Periodic health examination, 1995 update: 2. Prevention of dental caries. The Canadian Task Force on the Periodic Health Examination.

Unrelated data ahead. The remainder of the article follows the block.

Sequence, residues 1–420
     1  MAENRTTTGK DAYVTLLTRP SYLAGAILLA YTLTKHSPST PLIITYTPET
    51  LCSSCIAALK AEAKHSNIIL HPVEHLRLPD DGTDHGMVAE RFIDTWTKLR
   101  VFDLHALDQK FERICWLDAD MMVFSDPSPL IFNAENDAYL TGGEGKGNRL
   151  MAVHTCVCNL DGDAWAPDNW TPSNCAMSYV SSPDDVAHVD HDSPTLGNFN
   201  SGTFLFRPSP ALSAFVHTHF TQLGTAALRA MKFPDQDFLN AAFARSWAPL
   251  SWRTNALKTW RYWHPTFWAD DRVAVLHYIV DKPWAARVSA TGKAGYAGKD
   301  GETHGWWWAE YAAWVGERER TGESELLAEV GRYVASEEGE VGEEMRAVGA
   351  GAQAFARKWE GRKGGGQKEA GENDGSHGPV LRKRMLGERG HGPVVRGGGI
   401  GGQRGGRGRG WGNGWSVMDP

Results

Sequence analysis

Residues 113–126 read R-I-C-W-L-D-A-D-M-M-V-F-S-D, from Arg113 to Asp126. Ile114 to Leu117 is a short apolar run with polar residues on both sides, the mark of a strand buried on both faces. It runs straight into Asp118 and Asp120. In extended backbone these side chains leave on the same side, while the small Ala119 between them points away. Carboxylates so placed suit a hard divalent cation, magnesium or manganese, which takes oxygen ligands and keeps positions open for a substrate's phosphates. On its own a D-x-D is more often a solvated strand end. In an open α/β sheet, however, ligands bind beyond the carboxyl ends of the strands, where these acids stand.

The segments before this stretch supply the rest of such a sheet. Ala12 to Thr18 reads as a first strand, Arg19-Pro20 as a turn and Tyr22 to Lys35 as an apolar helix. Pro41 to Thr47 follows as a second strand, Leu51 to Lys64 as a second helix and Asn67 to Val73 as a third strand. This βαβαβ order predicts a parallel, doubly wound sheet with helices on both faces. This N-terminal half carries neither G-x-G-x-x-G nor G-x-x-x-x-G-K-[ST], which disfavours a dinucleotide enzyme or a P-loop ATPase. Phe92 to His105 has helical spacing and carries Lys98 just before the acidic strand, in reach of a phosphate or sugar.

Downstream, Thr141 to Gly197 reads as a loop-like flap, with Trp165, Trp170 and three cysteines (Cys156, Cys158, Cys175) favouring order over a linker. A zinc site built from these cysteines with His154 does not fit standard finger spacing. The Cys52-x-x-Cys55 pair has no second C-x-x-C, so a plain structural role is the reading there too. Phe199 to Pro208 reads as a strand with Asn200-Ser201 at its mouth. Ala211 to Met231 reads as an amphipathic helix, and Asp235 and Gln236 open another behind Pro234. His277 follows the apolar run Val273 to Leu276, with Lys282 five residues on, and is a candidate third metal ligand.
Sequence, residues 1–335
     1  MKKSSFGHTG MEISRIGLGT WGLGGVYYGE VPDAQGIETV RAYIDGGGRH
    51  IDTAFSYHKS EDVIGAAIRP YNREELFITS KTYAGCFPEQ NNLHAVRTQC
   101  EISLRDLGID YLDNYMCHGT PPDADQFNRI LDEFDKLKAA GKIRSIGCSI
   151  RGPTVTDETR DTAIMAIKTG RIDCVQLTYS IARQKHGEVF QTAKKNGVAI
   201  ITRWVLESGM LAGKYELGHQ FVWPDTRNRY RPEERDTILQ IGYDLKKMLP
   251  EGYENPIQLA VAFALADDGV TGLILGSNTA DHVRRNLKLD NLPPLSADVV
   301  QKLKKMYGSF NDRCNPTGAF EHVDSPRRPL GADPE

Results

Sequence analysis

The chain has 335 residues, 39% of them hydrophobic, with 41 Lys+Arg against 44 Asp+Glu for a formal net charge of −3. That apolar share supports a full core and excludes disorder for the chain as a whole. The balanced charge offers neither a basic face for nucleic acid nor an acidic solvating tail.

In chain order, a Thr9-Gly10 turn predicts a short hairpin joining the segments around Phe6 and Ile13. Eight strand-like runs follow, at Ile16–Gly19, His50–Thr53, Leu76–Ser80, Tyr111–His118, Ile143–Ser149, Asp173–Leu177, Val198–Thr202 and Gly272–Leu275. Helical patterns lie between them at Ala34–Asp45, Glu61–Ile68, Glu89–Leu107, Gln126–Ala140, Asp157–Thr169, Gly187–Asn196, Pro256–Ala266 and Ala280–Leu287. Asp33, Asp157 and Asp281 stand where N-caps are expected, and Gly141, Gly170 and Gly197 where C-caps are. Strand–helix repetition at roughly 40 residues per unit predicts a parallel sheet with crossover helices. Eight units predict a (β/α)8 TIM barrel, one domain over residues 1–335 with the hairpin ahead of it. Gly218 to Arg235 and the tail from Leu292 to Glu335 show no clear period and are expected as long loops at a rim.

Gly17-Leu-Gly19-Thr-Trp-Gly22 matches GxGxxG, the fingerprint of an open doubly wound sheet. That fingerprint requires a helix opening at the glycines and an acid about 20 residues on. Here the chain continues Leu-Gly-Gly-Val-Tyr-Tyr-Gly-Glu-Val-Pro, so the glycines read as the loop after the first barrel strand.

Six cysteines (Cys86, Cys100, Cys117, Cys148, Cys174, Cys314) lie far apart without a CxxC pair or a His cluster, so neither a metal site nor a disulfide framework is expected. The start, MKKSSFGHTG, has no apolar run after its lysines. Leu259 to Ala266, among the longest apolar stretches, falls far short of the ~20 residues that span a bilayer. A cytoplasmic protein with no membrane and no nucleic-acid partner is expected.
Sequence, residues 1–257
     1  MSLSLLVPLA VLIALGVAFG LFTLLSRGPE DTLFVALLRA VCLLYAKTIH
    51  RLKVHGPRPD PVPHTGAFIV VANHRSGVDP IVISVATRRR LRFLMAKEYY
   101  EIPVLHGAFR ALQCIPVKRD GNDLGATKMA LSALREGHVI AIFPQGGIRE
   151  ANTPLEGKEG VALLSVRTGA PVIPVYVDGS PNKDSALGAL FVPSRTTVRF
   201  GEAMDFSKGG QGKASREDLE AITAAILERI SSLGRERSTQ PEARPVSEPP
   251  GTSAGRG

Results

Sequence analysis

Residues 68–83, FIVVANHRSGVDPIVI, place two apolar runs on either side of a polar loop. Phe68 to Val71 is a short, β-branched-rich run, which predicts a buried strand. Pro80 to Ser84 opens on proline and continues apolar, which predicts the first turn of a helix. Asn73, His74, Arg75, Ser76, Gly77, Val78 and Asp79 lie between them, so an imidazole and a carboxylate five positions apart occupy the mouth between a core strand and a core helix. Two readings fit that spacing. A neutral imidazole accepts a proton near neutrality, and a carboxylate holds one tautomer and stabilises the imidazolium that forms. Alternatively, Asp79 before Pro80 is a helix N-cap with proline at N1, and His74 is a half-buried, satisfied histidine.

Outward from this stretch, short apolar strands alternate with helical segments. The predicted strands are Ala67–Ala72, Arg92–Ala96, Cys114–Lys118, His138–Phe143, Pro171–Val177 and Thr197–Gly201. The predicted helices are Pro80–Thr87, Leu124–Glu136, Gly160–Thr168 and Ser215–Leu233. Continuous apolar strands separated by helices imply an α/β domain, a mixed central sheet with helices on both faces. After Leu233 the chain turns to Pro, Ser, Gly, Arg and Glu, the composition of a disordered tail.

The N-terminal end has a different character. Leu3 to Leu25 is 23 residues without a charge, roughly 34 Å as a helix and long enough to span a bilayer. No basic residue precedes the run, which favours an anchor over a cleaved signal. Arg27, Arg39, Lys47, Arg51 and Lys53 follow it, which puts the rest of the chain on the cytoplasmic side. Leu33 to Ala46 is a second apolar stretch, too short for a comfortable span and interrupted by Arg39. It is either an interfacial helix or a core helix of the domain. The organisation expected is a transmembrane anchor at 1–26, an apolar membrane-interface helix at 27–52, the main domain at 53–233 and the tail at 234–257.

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OBJECTIVE: To make recommendations, based on current evidence, for practising physicians and dentists on interventions for the prevention of dental caries in their patients. OPTIONS: Systemic fluoride administration, professionally administered fluoride, use of fluoride mouth rinses, fissure sealants, oral-hygiene practices, dietary practices, identification of groups at a high risk of dental caries, and early diagnosis and treatment. OUTCOMES: Reduced prevalence of dental caries and fluorosis, longer retention of teeth and lower treatment costs. EVIDENCE: Several MEDLINE searches were conducted for articles published from January 1980 to December 1992, including relevant review articles. VALUES: Relevant clinical findings were evaluated and categorized with the use of the evidence-based methods and values of the Canadian Task Force on the Periodic Health Examination. Recommendations were developed for each method of caries prevention, with reduced incidence of dental caries and improved prevalence of caries-free teeth given high values. BENEFITS, HARMS AND COSTS: The potential benefits of these measures in the long-term are a lower incidence of tooth decay, longer retention of teeth and prevention of fluorosis. The cost saving can be considerable for patients and insurers; however, implementation of some recommendations will be difficult, since the traditional preventive practices of dentists and dental hygienists are not easily changed. RECOMMENDATIONS: There is good evidence that the following manoeuvres are effective in preventing dental caries: use of dentifrices containing fluoride, fluoridation of drinking water, fluoride supplements for patients in areas where there is a low level (0.3 ppm or less) of fluoride in the drinking water, professionally applied topical fluoride and the use of fluoride mouth rinses for patients with very active decay or at a high risk of dental caries and selective use of professionally applied fissure sealants on permanent molar teeth. There is poor evidence that the following manoeuvres are effective in preventing dental caries: professionally applied topical fluoride and the use of fluoride mouth rinses for patients with a low risk of caries, toothbrushing (without a dentifrice containing fluoride) and flossing, cleaning of teeth by a dentist or dental hygienist before topical application of fluoride or at a dental visit and dietary counselling for the general population. There is good evidence to recommend against the use of over-the-counter fluoride mouth rinses by the general population. VALIDATION: These guidelines are compatible with those of the US Preventive Services Task Force. SPONSOR: These guidelines were developed and endorsed by the task force, which is funded by Health Canada. Major funding was provided by the Faculty of Dentistry of the University of Toronto, Toronto and the Faculty of Dentistry of Dalhousie University, Halifax.